N.C. Beach House Fire
Kills 7 Students
Reported that killed seven college friends died in a fire at a
beach house in Ocean Isle Beach, N.C. Six of the seven victims attended the University of South Carolina; the other
attended Clemson University. Six other South Carolina students in the
house survived. The was house owned by the
parents of one of the students.
Several houses near the one that burned were filled with college
students and the students were going back and
forth between the houses all weekend.
Associated Press writers Estes Thompson in
Ocean Isle Beach, N.C., Mike Baker in Raleigh and Daniel Yee in Atlanta
contributed to this report
Families Mourn 7 House
By SAM SCOTT and ANAHAD O'CONNOR
October 30, 2007
Reported on the achievers who lost their lives in the Ocean Isle
Beach fire. Allison Walden's father said she spent her last night alive
listening to music and partying with her friends. "“It sounded like they were having a good time,” Allison’s father,
Terry Walden, told The Associated Press. “Unfortunately, the fire didn’t
show any mercy. They probably never woke up.”"
Also reported that six other students staying at the house escaped but suffered minor injuries, including
smoke inhalation. Anna Lee Rhea's two of her brothers were in the house. One of
them, Andrew, made it out alive; the other, William did not.
An earlier version omitted credit to The Associated Press for
reporting used in this article, including quotations from Terry Walden,
Anna Lee Rhea and Amanda Palacio.
Carolina fire victims were high school buddies
Reported that three of the college students, Emily Yelton, Travis Cale
and Justin Anderson, who died in a house fire
Sunday at a North Carolina beach house graduated from the same , high school
in Greenville, South Carolina. Yelton and Cale, 20, were boyfriend and girlfriend,
Cale attended the University of South Carolina and Emily attended
Ocean Isle Beach Mayor Debbie Smith was reported to have said the house was "engulfed" in
flames when the fire department arrived on the scene, about five minutes
after being notified. The flames shot into the sky and ultimately left
little more than portions of the framing.
Profiles of the SC college students killed in a beach house fire
Posted on Wed, Oct. 31, 2007
The article provided a profile of the seven victims:
- Justin Michael Anderson, 19, loved fishing and played football and
soccer at J.L. Mann High School. Justin was University of South Carolina
sophomore and member
of the Sigma Alpha Epsilon fraternity, came from a family of Gamecock
alumni and was the second of four sons.
- Travis Lane Cale, 19, also graduated from J.L. Mann. Like Anderson,
Travis was always smiling and wore a faded USC baseball cap that seemed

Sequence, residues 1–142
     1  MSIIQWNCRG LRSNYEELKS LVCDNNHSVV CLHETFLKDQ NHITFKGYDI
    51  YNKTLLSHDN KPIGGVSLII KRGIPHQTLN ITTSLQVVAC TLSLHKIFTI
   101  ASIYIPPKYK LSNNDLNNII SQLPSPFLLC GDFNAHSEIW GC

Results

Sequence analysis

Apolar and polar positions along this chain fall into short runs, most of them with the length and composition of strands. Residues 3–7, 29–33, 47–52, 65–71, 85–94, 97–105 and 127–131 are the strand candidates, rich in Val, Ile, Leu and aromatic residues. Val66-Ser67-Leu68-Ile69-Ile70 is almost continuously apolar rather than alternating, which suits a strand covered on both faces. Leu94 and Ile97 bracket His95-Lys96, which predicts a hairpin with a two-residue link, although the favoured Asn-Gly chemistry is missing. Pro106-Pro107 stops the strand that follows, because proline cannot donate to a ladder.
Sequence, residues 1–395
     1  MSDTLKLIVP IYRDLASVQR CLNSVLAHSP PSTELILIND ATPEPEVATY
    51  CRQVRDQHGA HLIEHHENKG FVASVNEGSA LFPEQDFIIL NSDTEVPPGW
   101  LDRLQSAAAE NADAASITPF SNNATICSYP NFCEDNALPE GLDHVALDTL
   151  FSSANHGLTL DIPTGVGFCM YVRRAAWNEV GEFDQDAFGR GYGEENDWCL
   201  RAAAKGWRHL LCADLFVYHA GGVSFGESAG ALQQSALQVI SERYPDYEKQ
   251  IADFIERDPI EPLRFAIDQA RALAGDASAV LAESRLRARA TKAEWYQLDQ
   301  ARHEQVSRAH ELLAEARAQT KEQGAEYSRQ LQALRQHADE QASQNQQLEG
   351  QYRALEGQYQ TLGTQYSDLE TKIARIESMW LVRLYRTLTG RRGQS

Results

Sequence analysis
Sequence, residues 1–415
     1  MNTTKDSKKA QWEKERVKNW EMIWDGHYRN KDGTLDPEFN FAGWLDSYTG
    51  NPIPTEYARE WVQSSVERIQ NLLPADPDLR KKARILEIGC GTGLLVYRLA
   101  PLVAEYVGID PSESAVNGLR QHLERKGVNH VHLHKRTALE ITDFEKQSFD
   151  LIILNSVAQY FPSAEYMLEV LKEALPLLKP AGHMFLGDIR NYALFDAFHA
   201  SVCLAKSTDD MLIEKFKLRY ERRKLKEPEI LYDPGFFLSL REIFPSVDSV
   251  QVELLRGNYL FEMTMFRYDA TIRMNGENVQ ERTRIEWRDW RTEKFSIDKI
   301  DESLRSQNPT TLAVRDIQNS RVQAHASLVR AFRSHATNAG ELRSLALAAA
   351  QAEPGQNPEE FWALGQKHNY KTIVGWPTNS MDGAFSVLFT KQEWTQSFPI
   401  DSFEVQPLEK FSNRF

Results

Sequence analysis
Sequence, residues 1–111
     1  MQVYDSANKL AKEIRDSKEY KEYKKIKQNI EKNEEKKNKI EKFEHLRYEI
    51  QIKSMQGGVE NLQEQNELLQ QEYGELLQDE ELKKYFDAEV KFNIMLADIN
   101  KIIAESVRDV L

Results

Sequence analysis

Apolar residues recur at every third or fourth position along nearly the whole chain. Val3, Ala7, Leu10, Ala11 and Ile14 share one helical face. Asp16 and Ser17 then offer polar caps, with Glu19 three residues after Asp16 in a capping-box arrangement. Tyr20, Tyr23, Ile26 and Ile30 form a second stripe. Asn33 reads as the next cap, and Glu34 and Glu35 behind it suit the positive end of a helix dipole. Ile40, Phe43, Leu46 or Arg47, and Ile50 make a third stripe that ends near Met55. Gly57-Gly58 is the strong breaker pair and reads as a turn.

molded to his head. Like his high school classmate, he loved to fish and played church
basketball. The freshman also played guitar and learned to dance when he was
young, ballroom style and shag - another Southern tradition.
- Lauren Astrid Mahon was always on the go, talking "90 miles per
hour," according to her best friend and roommate. "She'd always say, 'If you listen closely, I make perfect sense."
Freshman Lauren planned to work in real estate law.
- Cassidy Fae Pendley was a high school cheerleader and soccer player
and attended an academic program for the best and brightest high
school juniors at the Gov.'s School at the
College of Charleston helped the Delta Delta Delta sorority pledge learn
to be more outgoing. Cassidy, was a freshman chemical-engineering major
and National Honor Society member with a radiant smile. ""She always, always carried a positive vibe," Rodney Otadoy, a high
school and college classmate, told The Greenville News. "She always had
the biggest smile ever. The only thing bigger than her smile would have
to be her heart.""
- William Robert Rhea was a funny, outgoing person who did
everything with his older brother Andrew who survived the fire with only minor injuries.
William was a freshman member of Sigma Alpha Epsilon. William
played basketball, baseball and golf and was employed as a
- Allison Christine Walden grew up in the Midwest and was known as a cheerful, positive girl who liked to
have a good time. However, Allison also was studious and had a
promising future according to her father. Allison was a sophomore exercise-science major wanted to get her master's
degree in anesthesiology assistance.
- Sophomore Emily Lauren Yelton attended Clemson University
In the process of changing her major to early childhood
education with a goal of teaching kindergarten. Emily and
her identical twin sister Meredith were roommates and Delta Zeta
Dreams Ended in Rush of Morning Fire
By SAM SCOTT and ANAHAD O’CONNOR